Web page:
This is my attempt at blogging. I'm still learning about the blogging world, and this is my own personal study hall.

Sunday, October 05, 2008

Palin's pastor problems vs. Obama's

My previous post has been getting some people a little bit heated. First of all, the question arose as to what part of the sermon that I posted I was referencing. The speaker of the sermon, David Brickner, is the executive director of Jews for Jesus. He was an invited guest of Sarah Palin's church, where he spoke about his mission in Israel. What he said was that terrorism in Israel is a judgment against the Jews for not accepting Jesus.

(I've also been asked "where are the videos??" by my friends on Facebook - guys, I'm importing my notes from my personal blog, and the videos aren't coming through - click on the bottom of the note where it says "View original post" to be redirected).

The second question that was asked was whether I should be concerned by comments made by a guest speaker to Sarah Palin's church. The answer is yes, as one of the videos shows an interview in which the pastor said he would absolutely re-invite David Brickner to speak at his church, even after hearing what he said the first time. His beliefs are in sync with that of the church and its membership.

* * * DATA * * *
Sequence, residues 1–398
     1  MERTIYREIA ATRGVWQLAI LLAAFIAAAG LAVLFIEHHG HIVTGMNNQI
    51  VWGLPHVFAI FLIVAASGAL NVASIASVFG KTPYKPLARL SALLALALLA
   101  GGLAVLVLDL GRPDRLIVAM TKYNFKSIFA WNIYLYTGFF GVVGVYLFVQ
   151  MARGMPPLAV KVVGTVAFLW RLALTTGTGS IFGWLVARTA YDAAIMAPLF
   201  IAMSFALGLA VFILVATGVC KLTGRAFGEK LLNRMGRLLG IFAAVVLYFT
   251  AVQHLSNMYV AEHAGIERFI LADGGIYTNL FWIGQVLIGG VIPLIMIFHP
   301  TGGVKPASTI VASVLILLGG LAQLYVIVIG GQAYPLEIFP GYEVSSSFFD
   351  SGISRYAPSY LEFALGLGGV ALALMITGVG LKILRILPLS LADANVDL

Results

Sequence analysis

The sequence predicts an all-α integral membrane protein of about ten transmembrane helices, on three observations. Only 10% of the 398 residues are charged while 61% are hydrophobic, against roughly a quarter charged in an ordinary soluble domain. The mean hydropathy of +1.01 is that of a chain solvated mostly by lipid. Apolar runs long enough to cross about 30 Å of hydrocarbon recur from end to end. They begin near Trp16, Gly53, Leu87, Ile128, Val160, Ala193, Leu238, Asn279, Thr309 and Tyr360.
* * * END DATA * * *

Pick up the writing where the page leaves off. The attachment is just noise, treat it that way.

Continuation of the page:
The third question that was asked was whether I really want to get into a debate about pastor problems, when Obama has his own problem, especially since Obama was a member of the church where Jeremiah Wright spoke repeatedly against the United States and Obama had a very close relationship with Wright.

Here's the difference, as I see it, between Palin's problem and Obama's.

When I first brought up Palin's religious beliefs as a potential problem for the general citizenry of the United States should she be elected vice president, a friend made a point of telling me that at her synagogue, rabbis have spoken and said appalling things, and she asked me if that reflects on her. That's a fair point to make in reference to the Jeremiah Wright controversy. Just because the rabbi or pastor speaks in negative terms about the morals and ethics of the society around you, and says inflamatory things that can make one's skin crawl, that does not necessarily reflect on you for being there - or even for having a close relationship with that person. Many people hold vastly different beliefs, and still turn to one another for friendship, guidance and counsel.

The difference here is that David Brickner's sermon goes to a deeper issue, which is that what he said at Palin's church is what MAINSTREAM Evangelical and Pentacostal Christians believe. Jeremiah Wright was demagoguing. Even if he actually believes all the things he himself says in his church (which I doubt), it's a cultural thing, and it's the type of thing that is believed by those who have been put down and trodden upon by society; not well-educated, open-minded individuals who are multi-racial and who worked themselves from food-stamps to editor of the Harvard Law Review.

On the other hand, Jews for Jesus is on a mission. It's a mission to convert Jews - at any and all costs. They believe that Jews not only are going to Hell at the "End of Days", but that we are doomed to suffer in this world as well. And it's a mission and philosophy in which millions (over 100,000,000) Evangelical and Pentacostal Christians believe in America, as well as many other Christian groups around the world.